Farm Adaptation at the Rural-Urban Interface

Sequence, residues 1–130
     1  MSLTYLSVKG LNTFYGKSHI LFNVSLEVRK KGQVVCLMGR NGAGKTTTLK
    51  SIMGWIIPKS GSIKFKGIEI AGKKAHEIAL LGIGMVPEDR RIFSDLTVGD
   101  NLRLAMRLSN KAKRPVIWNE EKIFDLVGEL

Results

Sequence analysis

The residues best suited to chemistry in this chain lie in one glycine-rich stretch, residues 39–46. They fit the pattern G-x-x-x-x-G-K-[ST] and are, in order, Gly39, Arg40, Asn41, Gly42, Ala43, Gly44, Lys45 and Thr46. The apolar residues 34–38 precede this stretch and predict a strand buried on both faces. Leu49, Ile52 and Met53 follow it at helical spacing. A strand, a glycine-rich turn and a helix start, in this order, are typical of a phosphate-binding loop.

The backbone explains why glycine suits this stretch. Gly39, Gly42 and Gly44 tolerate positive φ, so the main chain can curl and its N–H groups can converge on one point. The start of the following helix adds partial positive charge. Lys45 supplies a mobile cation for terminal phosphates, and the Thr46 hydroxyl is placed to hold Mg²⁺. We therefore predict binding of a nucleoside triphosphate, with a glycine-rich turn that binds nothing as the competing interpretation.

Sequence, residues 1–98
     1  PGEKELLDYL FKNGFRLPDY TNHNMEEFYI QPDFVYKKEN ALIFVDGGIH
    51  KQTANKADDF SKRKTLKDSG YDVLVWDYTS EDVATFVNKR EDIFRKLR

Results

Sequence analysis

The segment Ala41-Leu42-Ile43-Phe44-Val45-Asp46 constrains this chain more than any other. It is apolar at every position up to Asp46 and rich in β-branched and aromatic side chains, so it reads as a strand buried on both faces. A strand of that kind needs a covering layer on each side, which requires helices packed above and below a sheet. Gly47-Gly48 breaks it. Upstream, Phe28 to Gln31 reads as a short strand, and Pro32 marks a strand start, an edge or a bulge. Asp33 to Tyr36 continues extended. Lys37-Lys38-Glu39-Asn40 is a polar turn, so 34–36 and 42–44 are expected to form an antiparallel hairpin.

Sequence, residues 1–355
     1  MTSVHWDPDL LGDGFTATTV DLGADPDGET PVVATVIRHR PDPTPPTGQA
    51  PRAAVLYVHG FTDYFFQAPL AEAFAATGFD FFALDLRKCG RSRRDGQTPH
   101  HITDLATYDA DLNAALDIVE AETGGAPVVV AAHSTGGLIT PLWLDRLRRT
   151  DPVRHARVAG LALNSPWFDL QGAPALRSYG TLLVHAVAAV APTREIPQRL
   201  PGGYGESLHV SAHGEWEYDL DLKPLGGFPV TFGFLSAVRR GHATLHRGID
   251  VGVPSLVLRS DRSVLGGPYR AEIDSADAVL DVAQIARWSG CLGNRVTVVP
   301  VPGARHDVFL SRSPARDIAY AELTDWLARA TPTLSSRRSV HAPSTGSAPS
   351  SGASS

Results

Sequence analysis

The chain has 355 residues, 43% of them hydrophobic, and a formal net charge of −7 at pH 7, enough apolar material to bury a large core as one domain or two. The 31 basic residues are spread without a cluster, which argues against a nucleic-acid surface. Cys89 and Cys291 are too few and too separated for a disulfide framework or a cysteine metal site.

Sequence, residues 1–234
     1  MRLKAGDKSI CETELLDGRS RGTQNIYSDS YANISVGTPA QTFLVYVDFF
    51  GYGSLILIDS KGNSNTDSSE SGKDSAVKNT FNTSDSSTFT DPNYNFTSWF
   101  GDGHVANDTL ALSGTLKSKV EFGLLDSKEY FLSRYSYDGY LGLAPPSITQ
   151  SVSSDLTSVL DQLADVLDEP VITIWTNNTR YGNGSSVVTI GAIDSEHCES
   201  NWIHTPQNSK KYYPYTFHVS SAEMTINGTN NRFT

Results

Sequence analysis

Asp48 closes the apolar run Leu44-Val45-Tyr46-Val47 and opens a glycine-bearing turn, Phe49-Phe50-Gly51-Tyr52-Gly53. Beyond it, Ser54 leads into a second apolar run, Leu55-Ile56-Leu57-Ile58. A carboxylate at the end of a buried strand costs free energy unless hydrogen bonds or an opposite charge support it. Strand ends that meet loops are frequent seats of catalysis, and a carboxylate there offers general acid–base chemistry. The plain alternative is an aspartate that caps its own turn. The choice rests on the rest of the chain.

AbstractDespite population growth and development at the rural-urban interface (RUI), agriculture continues to persist there. This resilience is partially a reflection of land use policies and market support programs designed to protect farm and ranch land that is vulnerable to nonfarm development. Studies examining the RUI primarily focus on the diversity of production and markets and do not discuss the diversity of operators. As the farmland protection and food systems movements continue to refine policy objectives and decide how to allocate scarce resources, it is critical to have up-to-date statistics on the health and vitality of agriculture at the RUI. Using the 2007 Census of Agriculture statistics, we examine (1) the spatial distribution by county of high-value production and marketing practices assumed to play a role in the persistence and vitality of agriculture at the RUI; and (2) the demographic characteristics of farmers in these counties. We find that only some types of high-value production and marketing systems are more prevalent in metropolitan regions, includinghorses, nursery-greenhouse, and direct sales, while organic production, recreation sales, CSA farms, and value-added farms are more likely to be concentrated in nonmetropolitan counties. We also find that farmers at the RUI are extremely diverse and that a substantial number of beginning and women farmers are found in nonmetropolitan counties, along with a small but notable number of African American, Hispanic and Native American farmers.
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